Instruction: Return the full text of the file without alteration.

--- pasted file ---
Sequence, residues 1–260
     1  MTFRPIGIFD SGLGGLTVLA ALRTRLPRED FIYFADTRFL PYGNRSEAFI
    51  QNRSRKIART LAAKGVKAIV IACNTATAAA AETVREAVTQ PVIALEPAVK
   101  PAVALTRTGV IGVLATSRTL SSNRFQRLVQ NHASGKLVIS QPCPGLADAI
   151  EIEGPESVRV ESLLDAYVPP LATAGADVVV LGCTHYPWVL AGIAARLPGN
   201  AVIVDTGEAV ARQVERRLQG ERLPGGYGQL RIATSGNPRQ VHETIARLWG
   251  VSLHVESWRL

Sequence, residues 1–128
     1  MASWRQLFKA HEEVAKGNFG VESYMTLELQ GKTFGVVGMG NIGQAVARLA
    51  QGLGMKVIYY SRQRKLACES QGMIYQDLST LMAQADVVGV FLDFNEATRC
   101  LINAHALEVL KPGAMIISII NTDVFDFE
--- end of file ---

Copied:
Sequence, residues 1–260
     1  MTFRPIGIFD SGLGGLTVLA ALRTRLPRED FIYFADTRFL PYGNRSEAFI
    51  QNRSRKIART LAAKGVKAIV IACNTATAAA AETVREAVTQ PVIALEPAVK
   101  PAVALTRTGV IGVLATSRTL SSNRFQRLVQ NHASGKLVIS QPCPGLADAI
   151  EIEGPESVRV ESLLDAYVPP LATAGADVVV LGCTHYPWVL AGIAARLPGN
   201  AVIVDTGEAV ARQVERRLQG ERLPGGYGQL RIATSGNPRQ VHETIARLWG
   251  VSLHVESWRL

Sequence, residues 1–128
     1  MASWRQLFKA HEEVAKGNFG VESYMTLELQ GKTFGVVGMG NIGQAVARLA
    51  QGLGMKVIYY SRQRKLACES QGMIYQDLST LMAQADVVGV FLDFNEATRC
   101  LINAHALEVL KPGAMIISII NTDVFDFE